How to Create Dynamic Menus in WordPress

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Over the years, WordPress has morphed from being just a blogging platform to a super functional Content Management System or CMS. It’s growth over the past few years has been phenomenal overtaking established players like Joomla! and Drupal. A business website however has very different requirements compared to a blog. While they may incorporate one as a subsite, the main organizational landing pages need to have a navigation structure that is separate from the defaults we have in WordPress. Dynamic menus are one example where the menu items keep changing depending on what page we’re currently on. In this tutorial we take a look at how to create dynamic menus in WordPress and replicate the functionality found in a traditional corporate site.

An Example of Dynamic Menus

I’m taking an example from my own freelancing website. I have several niche areas in which I write and I require my website to display relevant content depending on the current page. For example, I want to display samples of technical writing on the relevant sub page whereas I want to provide examples of blogs I have written for in my blog category.


Traditional menus in WordPress remain the same regardless of the page content. This is ideal for static links, recent posts, most popular pages etc. But what I require is a dynamic menu item list that provides relevant links while also maintaining a static structure for certain items like the “Contact Me” link.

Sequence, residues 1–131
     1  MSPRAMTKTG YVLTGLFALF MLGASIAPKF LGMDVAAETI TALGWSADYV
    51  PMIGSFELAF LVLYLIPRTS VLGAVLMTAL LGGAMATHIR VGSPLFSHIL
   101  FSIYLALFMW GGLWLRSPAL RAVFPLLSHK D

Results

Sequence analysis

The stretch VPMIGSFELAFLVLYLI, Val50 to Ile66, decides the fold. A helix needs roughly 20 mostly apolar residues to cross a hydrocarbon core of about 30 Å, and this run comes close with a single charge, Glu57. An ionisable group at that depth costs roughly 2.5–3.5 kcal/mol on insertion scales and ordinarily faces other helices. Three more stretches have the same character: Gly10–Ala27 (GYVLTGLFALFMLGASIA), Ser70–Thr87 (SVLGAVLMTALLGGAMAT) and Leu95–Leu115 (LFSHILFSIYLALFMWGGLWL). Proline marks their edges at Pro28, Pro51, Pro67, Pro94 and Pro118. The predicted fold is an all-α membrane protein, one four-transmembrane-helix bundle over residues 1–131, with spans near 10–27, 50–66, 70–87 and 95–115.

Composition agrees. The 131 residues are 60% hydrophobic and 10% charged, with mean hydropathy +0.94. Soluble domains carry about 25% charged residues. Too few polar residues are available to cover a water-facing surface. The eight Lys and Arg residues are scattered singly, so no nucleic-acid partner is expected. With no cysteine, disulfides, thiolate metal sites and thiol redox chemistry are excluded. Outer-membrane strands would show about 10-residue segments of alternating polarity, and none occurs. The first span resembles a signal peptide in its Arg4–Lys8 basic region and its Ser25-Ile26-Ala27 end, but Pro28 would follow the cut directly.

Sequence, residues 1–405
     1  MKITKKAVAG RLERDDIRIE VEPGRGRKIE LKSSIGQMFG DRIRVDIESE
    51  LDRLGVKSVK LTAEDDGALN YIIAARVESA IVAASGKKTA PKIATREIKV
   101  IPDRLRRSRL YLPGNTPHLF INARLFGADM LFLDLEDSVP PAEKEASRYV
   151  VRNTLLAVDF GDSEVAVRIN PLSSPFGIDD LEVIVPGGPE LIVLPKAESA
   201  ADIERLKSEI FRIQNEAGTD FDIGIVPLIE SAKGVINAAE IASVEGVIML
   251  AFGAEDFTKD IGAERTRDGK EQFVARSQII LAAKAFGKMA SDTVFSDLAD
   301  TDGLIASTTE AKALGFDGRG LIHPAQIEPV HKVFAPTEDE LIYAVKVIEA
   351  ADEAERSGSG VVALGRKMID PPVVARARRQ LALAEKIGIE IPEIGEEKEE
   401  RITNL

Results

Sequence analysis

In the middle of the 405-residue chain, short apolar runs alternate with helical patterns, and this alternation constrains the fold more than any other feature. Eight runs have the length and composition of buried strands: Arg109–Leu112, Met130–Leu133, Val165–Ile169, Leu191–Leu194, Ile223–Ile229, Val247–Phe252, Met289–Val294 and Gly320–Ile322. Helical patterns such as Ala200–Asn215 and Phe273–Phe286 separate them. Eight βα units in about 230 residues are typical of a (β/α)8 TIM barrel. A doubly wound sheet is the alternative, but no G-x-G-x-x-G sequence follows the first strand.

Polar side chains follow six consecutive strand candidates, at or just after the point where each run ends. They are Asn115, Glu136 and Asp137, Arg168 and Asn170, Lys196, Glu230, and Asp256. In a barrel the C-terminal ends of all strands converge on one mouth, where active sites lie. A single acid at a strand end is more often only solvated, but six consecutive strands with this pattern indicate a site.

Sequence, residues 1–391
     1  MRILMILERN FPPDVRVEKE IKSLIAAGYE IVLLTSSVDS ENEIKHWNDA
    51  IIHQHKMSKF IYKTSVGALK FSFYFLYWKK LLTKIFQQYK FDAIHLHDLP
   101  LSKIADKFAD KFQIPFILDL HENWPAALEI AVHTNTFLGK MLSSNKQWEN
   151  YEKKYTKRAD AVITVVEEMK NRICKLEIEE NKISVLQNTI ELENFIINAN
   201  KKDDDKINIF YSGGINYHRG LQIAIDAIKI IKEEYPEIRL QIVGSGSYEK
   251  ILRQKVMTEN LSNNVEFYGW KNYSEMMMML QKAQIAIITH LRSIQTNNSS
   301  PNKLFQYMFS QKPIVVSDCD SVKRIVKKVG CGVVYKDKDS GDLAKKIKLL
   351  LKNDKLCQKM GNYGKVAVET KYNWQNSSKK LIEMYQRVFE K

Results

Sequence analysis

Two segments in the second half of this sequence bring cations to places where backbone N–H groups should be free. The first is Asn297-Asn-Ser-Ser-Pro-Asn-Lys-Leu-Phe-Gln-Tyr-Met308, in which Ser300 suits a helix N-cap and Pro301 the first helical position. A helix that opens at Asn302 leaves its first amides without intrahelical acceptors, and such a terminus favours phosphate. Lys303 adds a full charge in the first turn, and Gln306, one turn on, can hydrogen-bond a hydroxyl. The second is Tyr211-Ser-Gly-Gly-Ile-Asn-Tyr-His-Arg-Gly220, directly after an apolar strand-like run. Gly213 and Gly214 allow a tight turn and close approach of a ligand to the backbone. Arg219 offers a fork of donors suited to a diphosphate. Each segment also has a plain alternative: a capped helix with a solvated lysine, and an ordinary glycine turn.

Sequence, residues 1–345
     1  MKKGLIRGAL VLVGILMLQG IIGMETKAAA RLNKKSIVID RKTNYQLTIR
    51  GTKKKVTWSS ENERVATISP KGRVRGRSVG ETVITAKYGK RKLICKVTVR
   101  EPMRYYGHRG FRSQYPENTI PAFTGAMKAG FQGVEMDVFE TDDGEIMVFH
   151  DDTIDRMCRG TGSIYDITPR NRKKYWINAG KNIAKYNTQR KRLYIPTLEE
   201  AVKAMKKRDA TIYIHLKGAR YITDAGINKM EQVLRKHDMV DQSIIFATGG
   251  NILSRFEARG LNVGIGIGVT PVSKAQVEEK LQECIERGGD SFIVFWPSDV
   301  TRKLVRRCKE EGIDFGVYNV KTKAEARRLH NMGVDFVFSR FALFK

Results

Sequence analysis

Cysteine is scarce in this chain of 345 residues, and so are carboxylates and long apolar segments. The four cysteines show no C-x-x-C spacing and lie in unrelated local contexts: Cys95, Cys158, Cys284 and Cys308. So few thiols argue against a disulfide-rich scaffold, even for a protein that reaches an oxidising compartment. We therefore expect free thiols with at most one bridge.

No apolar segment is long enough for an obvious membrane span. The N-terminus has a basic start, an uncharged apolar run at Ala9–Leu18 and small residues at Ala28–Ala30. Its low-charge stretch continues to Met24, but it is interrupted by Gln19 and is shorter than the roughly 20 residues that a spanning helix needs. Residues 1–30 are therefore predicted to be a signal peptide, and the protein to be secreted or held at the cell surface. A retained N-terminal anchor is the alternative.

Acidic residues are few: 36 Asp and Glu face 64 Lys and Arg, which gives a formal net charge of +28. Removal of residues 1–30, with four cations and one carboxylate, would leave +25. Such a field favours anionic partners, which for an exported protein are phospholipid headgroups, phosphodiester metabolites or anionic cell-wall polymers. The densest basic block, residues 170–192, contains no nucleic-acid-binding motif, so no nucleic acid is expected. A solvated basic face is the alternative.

Using the Widget Context Plugin

One way to work around this limitation of WordPress is to make use of widgets. Using the “Text” widget, you can insert and build any kind of menu or link structure. To start off with, download and install the Widget Context plug-in. This allows you to utilize the existing sidebars of your website to place your menus while at the same time allowing you the option to finely control where they will be displayed.

With this capability, you can create dynamic menus that more accurately replicate the functionality of a corporate website instead of a blog.

Go to the “Appearances” section of the dashboard and select “Widgets”. Create the menu in HTML for a given set of pages and add the text widget to one of your sidebars. With the plug-in installed, you can see a new section has been added to the bottom allowing you to specify its placement as shown below.

show on selected

From the drop-down menu, select “Show on Selected” and then take the appropriate areas where you want the widget to display. You can choose to include all pages, posts, author pages, 404 error pages etc. In case you want more fine-grained control based on the URL, you can make use of the option below that allowing you to target pages using a combination of the URL and wildcard characters. This gives you incredible flexibility in deciding exactly where you want your menu text widget to show up.

As a test, I have selected to show a text widget in the “Personal” category of my blog. To do this, I have specified the URL as /category/personal/ as shown below.

Target by URL

And sure enough when I visit a URL that matches the string, the text widget appears as promised.

personal text

Note that you can enter several locations for the widget to appear when configuring the URL and wildcards. Simply input each location in a new line.

This simple plug-in allows you to convert WordPress from a “pure” blogging platform into a full-fledged CMS solution with unparalleled flexibility and ease-of-use. With all the customization options, it’s easy to craft a website that is every bit as functional as one created using Joomla! or Drupal.

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